...some other independent basis for federal jurisdiction before the order can issue. E.g., Commercial Metals Co. v. Balfour, Guthrie, & Co., 577 F.2d 264, 268-269 (CA5 1978), and cases cited. Section 3 likewise limits the federal courts to the extent that a federal court cannot stay a suit pen......
  • Ex parte Alabama Oxygen Co., Inc., BORG-WARNER
    • United States
    • Supreme Court of Alabama
    • May 13, 1983
    ...agreements to arbitrate pursuant to the requirements of the federal act. In Commercial Metals Co. v. Balfour, Guthrie, and Co., Ltd., 577 F.2d 264 (5th Cir.1978), the Circuit Court "It must be emphasized that the question of whether or not a dispute arising out of a contract will be subject......
  • Mercury Const. Corp., In re, Nos. 81-1009
    • United States
    • United States Courts of Appeals. United States Court of Appeals (4th Circuit)
    • June 1, 1981
    ...under the Federal Arbitration Act must be decided by State courts when called upon. Commercial Metals Co. v. Balfour, Guthrie & Co., Ltd., 577 F.2d 264 (5th Cir. 1978); Robert Lawrence Co. v. Devonshire Fabrics, Inc., 271 F.2d 402 (2d Cir. 1959), cert. dismissed, 364 U.S. 801, 81 S.Ct. 27, ......
  • Community State Bank v. Strong, No. 06-11582.
    • United States
    • United States Courts of Appeals. United States Court of Appeals (11th Circuit)
    • April 27, 2007
    ...bank plainly is a party to the arbitration agreement included in the loan contract. See Commercial Metals Co. v. Balfour, Guthrie, & Co., 577 F.2d 264, 266 (5th Cir.1978) (the right to compel arbitration derives from the parties' agreement to arbitrate). As we have explained in Part II.B, s......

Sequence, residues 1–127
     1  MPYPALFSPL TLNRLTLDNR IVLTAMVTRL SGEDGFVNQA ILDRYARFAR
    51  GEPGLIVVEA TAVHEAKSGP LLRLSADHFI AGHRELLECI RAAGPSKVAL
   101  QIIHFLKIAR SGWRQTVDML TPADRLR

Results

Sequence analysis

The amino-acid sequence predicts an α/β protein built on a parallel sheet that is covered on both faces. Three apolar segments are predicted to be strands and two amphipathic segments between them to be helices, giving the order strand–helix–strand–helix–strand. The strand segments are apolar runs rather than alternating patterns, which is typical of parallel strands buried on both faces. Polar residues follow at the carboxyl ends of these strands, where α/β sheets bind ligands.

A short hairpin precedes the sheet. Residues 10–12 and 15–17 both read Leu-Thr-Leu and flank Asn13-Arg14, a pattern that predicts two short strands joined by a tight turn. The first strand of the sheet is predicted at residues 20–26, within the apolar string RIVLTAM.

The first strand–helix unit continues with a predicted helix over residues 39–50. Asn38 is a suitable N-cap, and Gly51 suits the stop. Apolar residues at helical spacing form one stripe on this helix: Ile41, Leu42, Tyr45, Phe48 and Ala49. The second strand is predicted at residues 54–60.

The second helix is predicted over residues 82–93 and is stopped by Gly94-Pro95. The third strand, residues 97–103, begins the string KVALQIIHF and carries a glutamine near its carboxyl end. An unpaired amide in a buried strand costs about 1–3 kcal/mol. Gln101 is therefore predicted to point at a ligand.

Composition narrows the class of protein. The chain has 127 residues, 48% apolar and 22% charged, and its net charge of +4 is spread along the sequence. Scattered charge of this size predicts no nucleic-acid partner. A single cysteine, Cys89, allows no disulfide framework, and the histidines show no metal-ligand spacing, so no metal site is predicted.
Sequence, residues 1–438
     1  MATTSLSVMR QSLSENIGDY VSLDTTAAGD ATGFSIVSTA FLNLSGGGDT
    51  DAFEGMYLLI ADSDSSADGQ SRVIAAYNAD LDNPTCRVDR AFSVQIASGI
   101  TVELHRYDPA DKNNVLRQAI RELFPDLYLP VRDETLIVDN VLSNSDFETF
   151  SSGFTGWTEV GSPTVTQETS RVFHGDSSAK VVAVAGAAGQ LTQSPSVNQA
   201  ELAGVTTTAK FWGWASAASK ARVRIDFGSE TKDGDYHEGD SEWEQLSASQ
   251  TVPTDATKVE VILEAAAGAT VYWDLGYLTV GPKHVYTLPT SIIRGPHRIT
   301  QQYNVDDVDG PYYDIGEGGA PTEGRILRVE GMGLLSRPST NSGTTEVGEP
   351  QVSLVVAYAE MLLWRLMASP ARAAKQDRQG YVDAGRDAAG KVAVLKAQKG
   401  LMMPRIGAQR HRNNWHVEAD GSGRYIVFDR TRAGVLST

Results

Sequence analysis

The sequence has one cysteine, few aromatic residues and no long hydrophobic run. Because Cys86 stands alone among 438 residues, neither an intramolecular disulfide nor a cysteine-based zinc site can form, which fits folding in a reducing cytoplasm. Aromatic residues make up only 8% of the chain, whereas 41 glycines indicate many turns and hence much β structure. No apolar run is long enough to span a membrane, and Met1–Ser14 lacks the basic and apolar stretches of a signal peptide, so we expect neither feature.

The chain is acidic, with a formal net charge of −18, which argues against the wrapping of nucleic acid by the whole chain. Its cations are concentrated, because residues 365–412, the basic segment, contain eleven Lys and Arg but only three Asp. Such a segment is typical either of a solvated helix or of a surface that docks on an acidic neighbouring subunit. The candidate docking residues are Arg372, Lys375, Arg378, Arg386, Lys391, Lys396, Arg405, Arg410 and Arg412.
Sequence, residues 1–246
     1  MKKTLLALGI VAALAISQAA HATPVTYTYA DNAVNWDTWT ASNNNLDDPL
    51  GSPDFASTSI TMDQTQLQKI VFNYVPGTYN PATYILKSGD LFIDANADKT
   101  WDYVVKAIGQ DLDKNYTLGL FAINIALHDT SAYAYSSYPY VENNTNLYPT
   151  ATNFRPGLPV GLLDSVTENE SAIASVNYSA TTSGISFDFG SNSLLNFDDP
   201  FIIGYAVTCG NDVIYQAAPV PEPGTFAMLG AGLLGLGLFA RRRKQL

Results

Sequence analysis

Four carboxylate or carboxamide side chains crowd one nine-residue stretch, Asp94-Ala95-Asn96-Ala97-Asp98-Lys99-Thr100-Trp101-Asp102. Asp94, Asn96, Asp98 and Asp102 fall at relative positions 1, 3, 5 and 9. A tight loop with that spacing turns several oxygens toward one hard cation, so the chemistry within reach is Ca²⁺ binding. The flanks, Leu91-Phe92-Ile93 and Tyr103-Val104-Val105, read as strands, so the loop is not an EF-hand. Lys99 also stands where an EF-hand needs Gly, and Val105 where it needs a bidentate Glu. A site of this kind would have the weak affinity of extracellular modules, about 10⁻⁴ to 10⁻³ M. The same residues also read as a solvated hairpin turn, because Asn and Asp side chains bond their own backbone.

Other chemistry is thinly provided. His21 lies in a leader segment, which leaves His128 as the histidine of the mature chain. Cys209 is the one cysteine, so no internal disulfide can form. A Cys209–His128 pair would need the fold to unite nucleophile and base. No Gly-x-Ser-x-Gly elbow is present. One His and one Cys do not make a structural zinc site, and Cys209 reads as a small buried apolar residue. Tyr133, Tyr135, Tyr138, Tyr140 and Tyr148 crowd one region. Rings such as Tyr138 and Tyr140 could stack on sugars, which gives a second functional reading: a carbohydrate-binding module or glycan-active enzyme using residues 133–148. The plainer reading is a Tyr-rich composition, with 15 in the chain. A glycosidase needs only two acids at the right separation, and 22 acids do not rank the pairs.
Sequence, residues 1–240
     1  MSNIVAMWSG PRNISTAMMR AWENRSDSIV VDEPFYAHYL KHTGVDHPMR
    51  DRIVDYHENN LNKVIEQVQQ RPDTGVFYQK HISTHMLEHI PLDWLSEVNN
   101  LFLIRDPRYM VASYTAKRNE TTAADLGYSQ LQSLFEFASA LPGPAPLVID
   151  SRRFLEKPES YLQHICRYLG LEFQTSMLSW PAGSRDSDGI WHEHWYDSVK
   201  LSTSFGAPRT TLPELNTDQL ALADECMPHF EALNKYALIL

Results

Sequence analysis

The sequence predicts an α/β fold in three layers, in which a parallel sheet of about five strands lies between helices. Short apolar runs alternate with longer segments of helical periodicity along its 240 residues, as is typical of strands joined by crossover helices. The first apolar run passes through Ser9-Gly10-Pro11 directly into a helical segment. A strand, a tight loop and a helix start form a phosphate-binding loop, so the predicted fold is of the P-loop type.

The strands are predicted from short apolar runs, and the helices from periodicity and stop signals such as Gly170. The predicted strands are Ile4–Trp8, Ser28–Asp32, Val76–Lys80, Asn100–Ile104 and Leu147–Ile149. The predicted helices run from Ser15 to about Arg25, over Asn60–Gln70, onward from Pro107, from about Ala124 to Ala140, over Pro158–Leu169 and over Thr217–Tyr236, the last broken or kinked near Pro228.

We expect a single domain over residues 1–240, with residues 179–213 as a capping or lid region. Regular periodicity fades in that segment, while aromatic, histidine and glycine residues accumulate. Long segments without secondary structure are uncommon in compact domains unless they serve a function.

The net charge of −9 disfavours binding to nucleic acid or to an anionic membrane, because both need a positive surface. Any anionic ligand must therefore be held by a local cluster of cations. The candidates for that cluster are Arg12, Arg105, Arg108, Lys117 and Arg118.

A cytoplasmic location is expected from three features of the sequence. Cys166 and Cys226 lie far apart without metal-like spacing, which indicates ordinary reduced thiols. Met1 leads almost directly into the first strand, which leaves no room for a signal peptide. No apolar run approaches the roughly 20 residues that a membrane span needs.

• Request a trial to view additional results
56 cases
  • Moses Cone Memorial Hospital v. Mercury Construction Corporation, No. 81-1203
    • United States
    • United States Supreme Court
    • February 23, 1983
    ...some other independent basis for federal jurisdiction before the order can issue. E.g., Commercial Metals Co. v. Balfour, Guthrie, & Co., 577 F.2d 264, 268-269 (CA5 1978), and cases cited. Section 3 likewise limits the federal courts to the extent that a federal court cannot stay a suit pen......
  • Ex parte Alabama Oxygen Co., Inc., BORG-WARNER
    • United States
    • Supreme Court of Alabama
    • May 13, 1983
    ...agreements to arbitrate pursuant to the requirements of the federal act. In Commercial Metals Co. v. Balfour, Guthrie, and Co., Ltd., 577 F.2d 264 (5th Cir.1978), the Circuit Court "It must be emphasized that the question of whether or not a dispute arising out of a contract will be subject......
  • Mercury Const. Corp., In re, Nos. 81-1009
    • United States
    • United States Courts of Appeals. United States Court of Appeals (4th Circuit)
    • June 1, 1981
    ...under the Federal Arbitration Act must be decided by State courts when called upon. Commercial Metals Co. v. Balfour, Guthrie & Co., Ltd., 577 F.2d 264 (5th Cir. 1978); Robert Lawrence Co. v. Devonshire Fabrics, Inc., 271 F.2d 402 (2d Cir. 1959), cert. dismissed, 364 U.S. 801, 81 S.Ct. 27, ......
  • Jordaan v. Hall, No. CIV.A. 3:03-CV-0706-G.
    • United States
    • United States District Courts. 5th Circuit. United States District Courts. 5th Circuit. Northern District of Texas
    • August 7, 2003
    ...Underwriters, Inc. v. Pitts Farms, Inc., 276 F.3d 683, 685 (5th Cir.2001); Commercial Metals Company v. Balfour, Guthrie, and Company, 577 F.2d 264, 268-69 Page 790 Cir.1978); see also Whiteside v. Teltech Corporation, 940 F.2d 99, 102 (4th Cir. 1991); Robert Lawrence Company v. Devonshire ......
  • Request a trial to view additional results

VLEX uses login cookies to provide you with a better browsing experience. If you click on 'Accept' or continue browsing this site we consider that you accept our cookie policy. ACCEPT